Last week, I discussed why I added a pop-up form to my site (which gathers email newsletter subscribers); the following post explains what happens once people join my list. What you do after the sign up is important as the pop-up itself.
First, my newsletter call-to-action doesn’t offer a freebie.
When asking for someone’s email address, it’s extremely common to offer something free in return, such as an ebook, tip sheet, or other instantly downloadable benefit. I don’t do this; my theory is that it leads to high churn, or a significant number of people joining my list just to get a free-something-or-other. If I offer something for free, I’d rather not have any strings attached or make it contingent on getting someone’s email address. (That said, I know this strategy works, and I don’t begrudge anyone who uses it.)
What I do instead: Once people have joined my list, my thank-you message and page tells them that I believe every professional author should learn how to read basic contract language. I then offer a link to a PDF download of a Contracts 101 article I published a few years ago. I’d rather delight people with something they didn’t expect, not bribe them at the outset.
Next, subscribers receive a welcome series of emails.
Since my Electric Speed newsletter is only sent once every two weeks, it’s not uncommon for people to forget they signed up, especially when they quickly join with a pop-up. If someone has only visited my site once and hasn’t seen my work before, they may not even remember my name.
So last year I began using an autoresponder, which is a way of automatically sending emails based on certain triggers. I created a welcome series of three messages that introduce people to some of the most key posts and information I make available for free.
Here’s a screen capture of the first message:
This message is sent immediately after someone signs up for my list, and I make it clear the message is part of a welcome series. I keep it short and sweet.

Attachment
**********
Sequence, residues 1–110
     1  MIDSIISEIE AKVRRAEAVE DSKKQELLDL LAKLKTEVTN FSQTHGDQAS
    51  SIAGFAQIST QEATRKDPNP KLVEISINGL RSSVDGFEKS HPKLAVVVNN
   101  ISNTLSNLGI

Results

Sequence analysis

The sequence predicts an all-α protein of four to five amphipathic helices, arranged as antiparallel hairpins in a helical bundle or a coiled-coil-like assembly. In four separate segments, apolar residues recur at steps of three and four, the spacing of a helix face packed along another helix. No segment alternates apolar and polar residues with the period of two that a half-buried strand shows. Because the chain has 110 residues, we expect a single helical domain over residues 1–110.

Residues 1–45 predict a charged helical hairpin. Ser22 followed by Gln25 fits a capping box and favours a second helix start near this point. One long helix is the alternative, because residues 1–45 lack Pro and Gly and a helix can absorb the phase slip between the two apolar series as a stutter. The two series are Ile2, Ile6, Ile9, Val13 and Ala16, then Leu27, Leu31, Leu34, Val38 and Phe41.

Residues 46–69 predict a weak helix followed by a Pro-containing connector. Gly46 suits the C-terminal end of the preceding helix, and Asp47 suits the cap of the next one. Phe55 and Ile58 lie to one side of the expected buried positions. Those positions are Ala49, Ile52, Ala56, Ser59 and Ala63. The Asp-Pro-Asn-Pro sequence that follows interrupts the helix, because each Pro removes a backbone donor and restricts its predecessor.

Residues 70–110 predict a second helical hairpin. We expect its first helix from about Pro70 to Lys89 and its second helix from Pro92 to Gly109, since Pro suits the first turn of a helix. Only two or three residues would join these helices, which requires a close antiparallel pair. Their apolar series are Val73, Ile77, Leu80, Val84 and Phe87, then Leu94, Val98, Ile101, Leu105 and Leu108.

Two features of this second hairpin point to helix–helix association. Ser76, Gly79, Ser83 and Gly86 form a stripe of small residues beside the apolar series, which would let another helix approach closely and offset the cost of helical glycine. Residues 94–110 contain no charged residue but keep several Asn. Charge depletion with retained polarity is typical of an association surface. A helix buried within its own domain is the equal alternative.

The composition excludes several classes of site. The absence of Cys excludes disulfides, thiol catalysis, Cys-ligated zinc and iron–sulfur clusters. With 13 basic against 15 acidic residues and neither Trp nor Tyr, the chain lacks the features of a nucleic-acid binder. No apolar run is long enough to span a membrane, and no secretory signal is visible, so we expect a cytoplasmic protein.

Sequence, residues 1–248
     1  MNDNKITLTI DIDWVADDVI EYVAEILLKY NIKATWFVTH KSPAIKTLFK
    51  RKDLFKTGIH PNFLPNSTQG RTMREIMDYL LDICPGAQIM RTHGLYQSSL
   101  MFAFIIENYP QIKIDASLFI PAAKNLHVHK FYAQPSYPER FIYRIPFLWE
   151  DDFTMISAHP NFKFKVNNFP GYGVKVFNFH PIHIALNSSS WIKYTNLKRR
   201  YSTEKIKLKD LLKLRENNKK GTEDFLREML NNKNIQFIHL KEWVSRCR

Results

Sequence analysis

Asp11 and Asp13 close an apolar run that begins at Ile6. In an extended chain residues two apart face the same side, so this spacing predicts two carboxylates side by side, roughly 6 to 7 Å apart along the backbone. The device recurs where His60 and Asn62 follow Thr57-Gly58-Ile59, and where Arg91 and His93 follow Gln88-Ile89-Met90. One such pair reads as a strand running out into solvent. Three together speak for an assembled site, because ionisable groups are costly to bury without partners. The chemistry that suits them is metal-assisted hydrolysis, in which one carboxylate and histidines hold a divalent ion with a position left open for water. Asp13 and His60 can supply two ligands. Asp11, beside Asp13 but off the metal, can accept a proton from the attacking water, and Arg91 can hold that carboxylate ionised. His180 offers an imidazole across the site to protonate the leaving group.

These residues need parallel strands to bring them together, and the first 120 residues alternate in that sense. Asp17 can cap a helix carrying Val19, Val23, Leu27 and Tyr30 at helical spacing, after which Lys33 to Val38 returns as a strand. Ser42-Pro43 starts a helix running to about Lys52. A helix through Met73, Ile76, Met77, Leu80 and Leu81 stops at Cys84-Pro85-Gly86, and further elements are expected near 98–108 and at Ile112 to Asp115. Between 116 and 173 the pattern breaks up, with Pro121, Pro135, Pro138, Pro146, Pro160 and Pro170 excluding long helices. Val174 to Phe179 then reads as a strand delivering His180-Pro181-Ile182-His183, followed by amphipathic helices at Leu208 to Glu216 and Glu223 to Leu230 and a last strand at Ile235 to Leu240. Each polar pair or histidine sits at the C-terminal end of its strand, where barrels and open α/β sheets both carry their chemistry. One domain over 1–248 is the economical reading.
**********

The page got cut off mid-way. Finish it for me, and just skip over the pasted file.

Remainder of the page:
The next two messages—also very short—offer resources on topics that I’m often asked about: how to build an author platform, and where to find process checklists for publishing and marketing. (Each of these are sent once 5 days have passed from the previous message.)
I make it clear on the third message that it’s the last one in the welcome series, and the next message will be the Electric Speed newsletter. I also welcome people to email me if they’re looking for specific information or advice they haven’t been able to find at my site.
Here are the aggregate open and click rates for my autoresponder series, before and after I added the pop-up to my site. (The blue bar represents the volume of new subscribers.)
As you can see, the behavior of subscribers has remained about the same after adding a pop-up to my site. This indicates I’m getting quality subscribers.
My Electric Speed newsletter open and click rate has remained healthy, although there is a perceptible decline in both metrics as the list size doubled. However, this may have more to do with changes in my subject line strategy than the quality of pop-up subscribers. Time will tell.
I’ve been using an autoresponder series for less than a year, and I haven’t done any A/B testing, or even closely studied best practices. But my primary goal is to stick in people’s minds after they subscribe, be demonstrably helpful with free information and resources (without asking for a purchase), and show that I’m available to answer questions.
If you have experience with autoresponders, I’d love to hear from you in the comments.
Jane Friedman (@JaneFriedman) has nearly 25 years of experience in the media & publishing industry. She is the publisher of The Hot Sheet, the essential newsletter on the publishing industry for authors, and was named Publishing Commentator of the Year by Digital Book World in 2019.
In addition to being a professor with The Great Courses (How to Publish Your Book), she is the author of The Business of Being a Writer (University of Chicago Press), which received a starred review from Library Journal.
Jane speaks regularly at conferences and industry events such as Digital Book World and Frankfurt Book Fair, and has served on panels with the National Endowment for the Arts and the Creative Work Fund. Find out more.